The KOCE Foundation said Wednesday that it has substantially increased its bid to purchase KOCE TV with the intention of keeping the Orange County-based station a PBS affiliate.
Foundation is the only bidder among five that has pledged to keep KOCE a public broadcasting channel. The other four competitive bidders, including televangelical groups Daystar and Trinity, wish to convert the station to religious programming.
“KOCE is an irreplaceable community asset that has provided decades of public service broadcasting and locally based educational programming,” said Joel Slutzky, a member of the board of the KOCE Foundation and a local businessman. “We intend to do everything possible to preserve KOCE’s public broadcasting heritage.”
Foundation could not reveal the exact dollar figure, or details of its bid, but did say that its revised offer is “extremely competitive” with other bids being submitted.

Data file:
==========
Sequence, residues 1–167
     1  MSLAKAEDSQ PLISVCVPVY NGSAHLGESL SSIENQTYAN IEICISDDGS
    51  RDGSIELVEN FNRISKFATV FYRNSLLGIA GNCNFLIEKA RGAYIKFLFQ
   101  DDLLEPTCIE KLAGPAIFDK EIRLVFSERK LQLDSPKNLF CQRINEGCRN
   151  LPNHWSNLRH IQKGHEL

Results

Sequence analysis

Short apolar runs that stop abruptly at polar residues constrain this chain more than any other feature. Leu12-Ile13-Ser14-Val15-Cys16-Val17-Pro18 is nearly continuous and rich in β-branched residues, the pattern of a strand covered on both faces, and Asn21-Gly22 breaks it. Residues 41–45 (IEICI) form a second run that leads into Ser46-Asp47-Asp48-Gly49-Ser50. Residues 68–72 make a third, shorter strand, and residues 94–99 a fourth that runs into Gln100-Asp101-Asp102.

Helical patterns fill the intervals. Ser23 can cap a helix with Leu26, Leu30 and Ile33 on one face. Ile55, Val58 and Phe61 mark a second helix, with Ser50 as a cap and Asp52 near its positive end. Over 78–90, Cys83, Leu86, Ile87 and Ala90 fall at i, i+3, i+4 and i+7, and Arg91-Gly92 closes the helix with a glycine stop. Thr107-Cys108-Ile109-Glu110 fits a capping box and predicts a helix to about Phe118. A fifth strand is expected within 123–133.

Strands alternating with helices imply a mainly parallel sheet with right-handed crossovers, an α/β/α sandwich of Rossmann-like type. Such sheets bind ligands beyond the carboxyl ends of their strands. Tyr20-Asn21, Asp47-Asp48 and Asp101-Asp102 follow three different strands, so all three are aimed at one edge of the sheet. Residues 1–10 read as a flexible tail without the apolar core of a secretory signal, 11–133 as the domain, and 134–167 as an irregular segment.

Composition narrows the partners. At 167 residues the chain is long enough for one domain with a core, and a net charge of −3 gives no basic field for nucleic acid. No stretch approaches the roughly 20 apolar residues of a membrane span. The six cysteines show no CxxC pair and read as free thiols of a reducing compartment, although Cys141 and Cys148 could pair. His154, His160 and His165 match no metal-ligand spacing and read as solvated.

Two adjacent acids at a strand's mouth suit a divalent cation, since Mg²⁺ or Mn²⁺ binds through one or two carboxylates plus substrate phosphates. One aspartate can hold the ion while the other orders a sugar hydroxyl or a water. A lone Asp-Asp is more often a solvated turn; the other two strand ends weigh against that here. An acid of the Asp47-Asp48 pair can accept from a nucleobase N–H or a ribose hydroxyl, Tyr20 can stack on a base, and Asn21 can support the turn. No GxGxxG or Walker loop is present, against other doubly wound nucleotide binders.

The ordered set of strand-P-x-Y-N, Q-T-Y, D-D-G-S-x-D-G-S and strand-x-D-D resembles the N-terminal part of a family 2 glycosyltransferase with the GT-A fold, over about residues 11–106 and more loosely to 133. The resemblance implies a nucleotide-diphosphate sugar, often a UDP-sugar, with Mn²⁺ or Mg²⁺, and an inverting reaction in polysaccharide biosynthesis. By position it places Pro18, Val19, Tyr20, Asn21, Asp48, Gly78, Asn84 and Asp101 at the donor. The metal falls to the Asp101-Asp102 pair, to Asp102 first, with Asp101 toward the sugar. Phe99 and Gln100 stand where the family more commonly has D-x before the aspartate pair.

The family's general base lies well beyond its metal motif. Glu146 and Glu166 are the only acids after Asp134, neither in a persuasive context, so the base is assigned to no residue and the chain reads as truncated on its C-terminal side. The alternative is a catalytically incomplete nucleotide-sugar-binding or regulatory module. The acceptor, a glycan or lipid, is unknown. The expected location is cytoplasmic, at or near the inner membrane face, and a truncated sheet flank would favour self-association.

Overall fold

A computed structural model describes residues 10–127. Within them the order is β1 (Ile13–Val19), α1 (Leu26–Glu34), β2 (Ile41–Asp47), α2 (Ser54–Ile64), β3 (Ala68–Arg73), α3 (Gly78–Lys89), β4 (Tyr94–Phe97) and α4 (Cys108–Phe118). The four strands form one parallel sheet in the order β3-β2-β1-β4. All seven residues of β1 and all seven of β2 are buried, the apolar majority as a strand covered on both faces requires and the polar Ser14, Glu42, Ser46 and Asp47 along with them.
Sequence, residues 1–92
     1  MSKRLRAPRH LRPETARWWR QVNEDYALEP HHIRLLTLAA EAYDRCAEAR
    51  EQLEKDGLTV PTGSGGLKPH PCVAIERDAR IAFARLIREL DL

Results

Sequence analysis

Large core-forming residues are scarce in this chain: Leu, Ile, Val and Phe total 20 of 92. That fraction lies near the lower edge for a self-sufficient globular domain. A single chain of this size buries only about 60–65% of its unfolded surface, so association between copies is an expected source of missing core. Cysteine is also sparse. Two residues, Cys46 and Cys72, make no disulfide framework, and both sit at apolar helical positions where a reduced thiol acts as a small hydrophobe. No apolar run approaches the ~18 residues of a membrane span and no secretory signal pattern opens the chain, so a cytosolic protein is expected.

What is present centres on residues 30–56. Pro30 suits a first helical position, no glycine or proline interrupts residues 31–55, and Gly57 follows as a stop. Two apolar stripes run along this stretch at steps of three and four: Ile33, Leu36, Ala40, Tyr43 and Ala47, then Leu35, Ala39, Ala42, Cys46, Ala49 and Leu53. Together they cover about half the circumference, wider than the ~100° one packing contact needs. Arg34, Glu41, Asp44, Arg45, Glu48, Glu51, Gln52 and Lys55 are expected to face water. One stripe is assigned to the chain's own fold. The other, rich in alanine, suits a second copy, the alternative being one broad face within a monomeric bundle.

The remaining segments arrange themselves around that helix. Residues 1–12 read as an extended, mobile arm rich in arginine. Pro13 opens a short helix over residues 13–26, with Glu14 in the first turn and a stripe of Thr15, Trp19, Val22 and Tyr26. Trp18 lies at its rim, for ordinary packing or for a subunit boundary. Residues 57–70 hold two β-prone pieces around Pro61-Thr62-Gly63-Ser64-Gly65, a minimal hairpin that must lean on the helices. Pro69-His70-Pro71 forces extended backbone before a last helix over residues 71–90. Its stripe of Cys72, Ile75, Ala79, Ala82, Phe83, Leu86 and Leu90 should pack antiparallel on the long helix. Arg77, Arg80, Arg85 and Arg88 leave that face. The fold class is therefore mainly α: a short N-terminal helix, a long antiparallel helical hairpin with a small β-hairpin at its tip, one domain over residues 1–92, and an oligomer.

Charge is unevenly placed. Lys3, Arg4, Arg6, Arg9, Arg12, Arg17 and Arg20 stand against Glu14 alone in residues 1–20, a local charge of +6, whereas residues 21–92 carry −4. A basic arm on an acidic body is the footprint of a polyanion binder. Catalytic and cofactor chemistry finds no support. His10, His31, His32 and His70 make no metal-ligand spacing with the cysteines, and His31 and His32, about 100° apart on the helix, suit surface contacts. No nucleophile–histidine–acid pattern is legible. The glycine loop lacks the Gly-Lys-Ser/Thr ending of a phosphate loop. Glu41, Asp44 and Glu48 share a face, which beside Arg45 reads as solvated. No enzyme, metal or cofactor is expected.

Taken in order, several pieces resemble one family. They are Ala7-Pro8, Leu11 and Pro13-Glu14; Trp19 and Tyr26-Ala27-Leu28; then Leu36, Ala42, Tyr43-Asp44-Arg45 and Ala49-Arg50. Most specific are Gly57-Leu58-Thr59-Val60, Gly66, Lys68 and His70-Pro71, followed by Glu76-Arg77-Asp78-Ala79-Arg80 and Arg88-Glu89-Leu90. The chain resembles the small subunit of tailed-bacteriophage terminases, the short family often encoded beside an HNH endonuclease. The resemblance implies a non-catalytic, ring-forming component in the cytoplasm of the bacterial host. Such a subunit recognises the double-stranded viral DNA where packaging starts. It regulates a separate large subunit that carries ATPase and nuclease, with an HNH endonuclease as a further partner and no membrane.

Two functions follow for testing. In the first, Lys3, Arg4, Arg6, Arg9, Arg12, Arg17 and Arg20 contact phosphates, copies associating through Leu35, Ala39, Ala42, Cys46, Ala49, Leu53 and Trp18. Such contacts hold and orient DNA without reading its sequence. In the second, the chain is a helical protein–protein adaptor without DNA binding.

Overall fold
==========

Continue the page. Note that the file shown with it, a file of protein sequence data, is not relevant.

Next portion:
Back in August the foundation offered $10 million jointly with L.A.-based pubcaster KCET, but the latter has pulled back from the joint offer, saying it will gladly collaborate on cost savings with the O.C. station if the foundation is successful on its own. (The religious broadcast bidders are purportedly willing to stump up bids in the $25 million range.)
Bidding rules established by the Coast Community College District, which owns the KOCE license, require that all bids remain confidential until they are disclosed at a public hearing scheduled for Wednesday, when the district’s board of trustees is expected to award the station license.
Awarding the license to a religious broadcaster could entail costs on the part of the district. It would, for example, have to deduct from the purchase price money that would be owed to groups that have already made grants to KOCE in anticipation of a continuation of public broadcasting, not to mention subscribers and patrons of the foundation.
Slutsky estimates that these and other costs could reduce the value of the four other competitive bids by as much as $10 million-$12 million.
The license has been in the hands of the district for 30 years, but the station has been running a deficit recently made worse by a costly digital upgrade.